Zaniness reigns supreme in Peter Lefcourt’s screwball Café Society, now getting a terrifically performed, imaginatively directed, cleverly designed World Premiere at West L.A.’s Odyssey Theatre, the ever so “Westside” laughfest marred only by a jarring 11th-hour tonal shift that bears rethinking.
The café in question is your friendly neighborhood Starbucks, that is if your neighborhood happens to be around Pico and Sawtelle with locals including:
• Aspiring screenwriter Jeff (Eric Wentz), hard at work on his latest attempt to write the Next Hollywood Blockbuster when he mistakes aspiring actress Kari (Chandra lee Schwartz) for the hooker she’s just auditioned to play.
• Hotshot realtor Marilyn (Susan Diol), who combines phone negotiations for her latest sale with a blind date set up on Bark.com (whose members post their pet pooches’ faces in lieu of their own).
• High-power businessman Bob (Eric Myles Geller), there to meet Marilyn only to discover that she’s already taken … with the hunky Jeff.
• Café regular Anastasia (Ian Patrick Williams), a grizzled, bearded, tiara-sporting, taffeta-clad nutjob who fancies himself the Grand Duchess of Tzarist Russia, thereby inspiring would-be screenwriter Jeff to pen his answer to David Lean’s Dr. Zhivago.
Serving drinks to all of the above is barista Darnell (Donathan Walters), while baseball-capped, hoodie-sporting boy-next-door-type Martin (Nick Cobey) keeps popping in to use the restroom, duffel bag in hand.
As to why Martin seems uninterested in sampling Starbucks’ wares, well I’ll leave that surprise unrevealed. Suffice it to say that neither Jeff nor Kari nor Marilyn nor Bob nor Anastasia nor Darnell nor Martin himself will be leaving the corner café anytime soon.
Café Society marks the latest collaboration between playwright Lefcourt and director Terri Hanauer, whose brilliant skewering of Hollywood deal-making in La Ronde De Lunch (ten two-person lunches inspired by the Arthur Schnitzler classic) turned out to be one of 2009’s funniest comedies.
For most of its ninety-minute running time, Café Society gives La Ronde a run for its (lunch) money, though this time ronde the creative duo keep all seven players onstage throughout, and boy does their cast deliver on the razor-sharp timing and precision demanded by Lefcourt’s script.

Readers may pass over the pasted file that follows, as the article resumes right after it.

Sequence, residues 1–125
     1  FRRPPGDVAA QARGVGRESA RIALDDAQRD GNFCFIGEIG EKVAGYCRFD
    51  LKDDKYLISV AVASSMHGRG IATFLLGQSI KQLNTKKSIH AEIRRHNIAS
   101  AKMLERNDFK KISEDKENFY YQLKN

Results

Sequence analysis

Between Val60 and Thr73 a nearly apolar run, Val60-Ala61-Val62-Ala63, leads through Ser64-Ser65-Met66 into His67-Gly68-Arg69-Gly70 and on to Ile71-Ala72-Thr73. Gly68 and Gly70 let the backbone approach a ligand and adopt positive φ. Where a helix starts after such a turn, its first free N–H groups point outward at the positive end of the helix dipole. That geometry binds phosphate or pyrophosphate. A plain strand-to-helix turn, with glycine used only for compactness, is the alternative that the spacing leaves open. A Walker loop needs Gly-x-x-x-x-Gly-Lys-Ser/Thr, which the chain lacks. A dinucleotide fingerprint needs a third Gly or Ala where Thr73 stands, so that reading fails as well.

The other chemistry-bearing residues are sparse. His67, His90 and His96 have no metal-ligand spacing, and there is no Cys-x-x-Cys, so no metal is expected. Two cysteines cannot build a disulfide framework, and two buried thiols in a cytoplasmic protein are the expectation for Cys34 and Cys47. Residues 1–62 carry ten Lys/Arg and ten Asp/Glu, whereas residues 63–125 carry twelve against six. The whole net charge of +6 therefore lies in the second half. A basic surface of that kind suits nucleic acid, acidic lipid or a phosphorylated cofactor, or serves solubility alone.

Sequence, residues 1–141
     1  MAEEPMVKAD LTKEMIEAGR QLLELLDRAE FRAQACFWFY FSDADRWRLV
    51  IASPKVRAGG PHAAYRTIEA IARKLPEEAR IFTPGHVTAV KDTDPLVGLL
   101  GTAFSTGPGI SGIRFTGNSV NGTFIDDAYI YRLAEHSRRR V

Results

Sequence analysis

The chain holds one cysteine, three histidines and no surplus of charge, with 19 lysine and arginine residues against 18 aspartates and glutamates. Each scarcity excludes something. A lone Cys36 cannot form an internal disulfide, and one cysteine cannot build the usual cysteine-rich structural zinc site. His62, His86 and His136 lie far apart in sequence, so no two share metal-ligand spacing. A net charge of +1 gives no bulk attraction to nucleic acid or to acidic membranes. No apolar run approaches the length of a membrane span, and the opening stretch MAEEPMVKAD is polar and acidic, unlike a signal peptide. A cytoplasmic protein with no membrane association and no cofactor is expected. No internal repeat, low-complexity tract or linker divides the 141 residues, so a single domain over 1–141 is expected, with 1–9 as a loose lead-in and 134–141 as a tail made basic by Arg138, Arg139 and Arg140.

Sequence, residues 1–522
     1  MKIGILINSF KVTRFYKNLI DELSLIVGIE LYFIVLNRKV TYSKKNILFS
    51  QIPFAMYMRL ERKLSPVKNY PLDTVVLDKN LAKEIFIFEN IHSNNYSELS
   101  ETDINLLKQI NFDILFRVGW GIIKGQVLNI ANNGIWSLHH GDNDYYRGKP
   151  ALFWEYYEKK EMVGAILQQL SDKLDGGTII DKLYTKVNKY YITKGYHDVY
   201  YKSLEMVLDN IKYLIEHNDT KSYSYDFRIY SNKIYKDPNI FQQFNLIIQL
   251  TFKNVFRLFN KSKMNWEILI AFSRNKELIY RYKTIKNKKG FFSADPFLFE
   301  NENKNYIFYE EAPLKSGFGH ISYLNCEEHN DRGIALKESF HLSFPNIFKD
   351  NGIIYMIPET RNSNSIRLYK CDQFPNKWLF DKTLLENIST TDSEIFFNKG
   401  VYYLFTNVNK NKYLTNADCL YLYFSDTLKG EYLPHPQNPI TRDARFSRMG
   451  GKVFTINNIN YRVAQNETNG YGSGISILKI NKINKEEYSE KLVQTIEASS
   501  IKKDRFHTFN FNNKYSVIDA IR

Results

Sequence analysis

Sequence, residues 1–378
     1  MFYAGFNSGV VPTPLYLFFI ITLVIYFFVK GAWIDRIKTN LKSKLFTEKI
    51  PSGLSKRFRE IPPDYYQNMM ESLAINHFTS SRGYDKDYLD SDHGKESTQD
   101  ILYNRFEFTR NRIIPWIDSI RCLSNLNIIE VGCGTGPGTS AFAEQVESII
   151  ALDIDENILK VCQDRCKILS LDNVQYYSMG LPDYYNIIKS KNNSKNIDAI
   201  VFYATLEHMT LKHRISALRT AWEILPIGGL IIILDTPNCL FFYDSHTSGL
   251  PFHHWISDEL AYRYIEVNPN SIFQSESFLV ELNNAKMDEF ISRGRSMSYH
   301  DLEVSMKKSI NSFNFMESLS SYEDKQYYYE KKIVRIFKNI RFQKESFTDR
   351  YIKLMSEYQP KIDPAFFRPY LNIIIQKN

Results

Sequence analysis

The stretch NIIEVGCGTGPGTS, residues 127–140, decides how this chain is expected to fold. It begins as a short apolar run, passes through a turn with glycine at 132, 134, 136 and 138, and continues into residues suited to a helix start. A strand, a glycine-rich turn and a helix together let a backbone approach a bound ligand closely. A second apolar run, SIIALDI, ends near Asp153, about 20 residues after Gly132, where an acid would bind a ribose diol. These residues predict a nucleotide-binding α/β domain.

Café Society’s high-concept premise is simple but brilliant. Every time a cell phone rings, or a text message arrives or gets sent, or Jeff types into his laptop, said verbiage gets projected on the Starbucks menu board: casting notices that send Kari into the restroom for yet another costume change, real estate deal-making texts that go on no matter the mayhem surrounding Marilyn, Jeff’s screenplay’s pseudo-Russian dialog, and so on and so forth.
A number of running gags add to the laugh quotient: Marilyn’s persistence in making her big-bucks sale even when there are far more pressing matters at hand, Kari’s growing dismay that no matter what role she’s up for, it will go to an actress of color, Martin’s irrational dislike of TV reporter Kelly Kahanahana, Hollywood’s propensity for casting big names regardless of whether or not they are the right age, race, or even gender for the role, etc.
Still, while one Café Society character in particular may have a point in finding fault with the abuses of power, pollution of the environment, mistreatment of workers, and other assorted wrongs committed by American big business, the play’s shift from outrageous farce to dead-serious drama is simply too abrupt and jolting to work.
Fortunately, Lefcourt and Hanauer find a way to bring things back to a satisfying if not entirely hole-free climax bound to delight anyone with memories of a certain Colonel Bogey.
There’s not a weak link in Café Society’s all-around stellar cast.
Broadway’s enchanting Schwartz is every bit as wickedly winning here as she was at the Pasadena Playhouse in Sleepless In Seattle: The Musical. Juilliard grad Wentz brings a Ben Affleck sexiness to Jeff along with terrific comedic chops. Diol is a delicious delight as Marilyn, Geller a smarmy treat as Bob, and Williams a split-personality scene-stealer as both Anastasia and the man she used to be. Charismatic newcomers Cobey and Walters complete the cast to perfection, the former revealing bona fide dramatic chops when called for, the latter clearly having done his Starbucks barista prep. Kailyn Leilani and Gabriel Romero make entertaining “special appearances” on video as Kelly Kahanahana and Captain Nunez.
High design marks go to sound designer Dino Herrmann for his multitude of ringtones and assorted high-tech effects and to Yee Eun Nam for her equal number of rapid-fire projections. Amanda Knehans’ set and props will have you convinced you’re in an honest-to-goodness Starbucks.
Jackie Gudgel gives each character a just-right costume, with special snaps to Kari’s nurse, hooker, and lesbian lawyer garb. Donny Jackson’s excellent lighting and Troy Hauschild’s expert videography complete Café Society’s Grade A production design.
Café Society is produced by Racquel Lehrman, Theatre Planners. Victoria Watson, Theatre Planners, is associate producer. Mike Mahaffey is fight coordinator. Casting is by Michael Donovan, CSA. Richie Ferris is casting associate.
Rita Cofield is stage manager.
I laughed hard and loud throughout all but about ten minutes of Café Society, so much so that I’m still smiling as I finish up this review at … where else but Starbucks, though truth be told, the Café Society created by Peter Lefcourt makes for a whole lot more entertaining (and better-looking) bunch than the folks surrounding me now. LOL
Odyssey Theatre, 2055 South Sepulveda Boulevard, Los Angeles.
August 22, 2015
Photos: Ed Krieger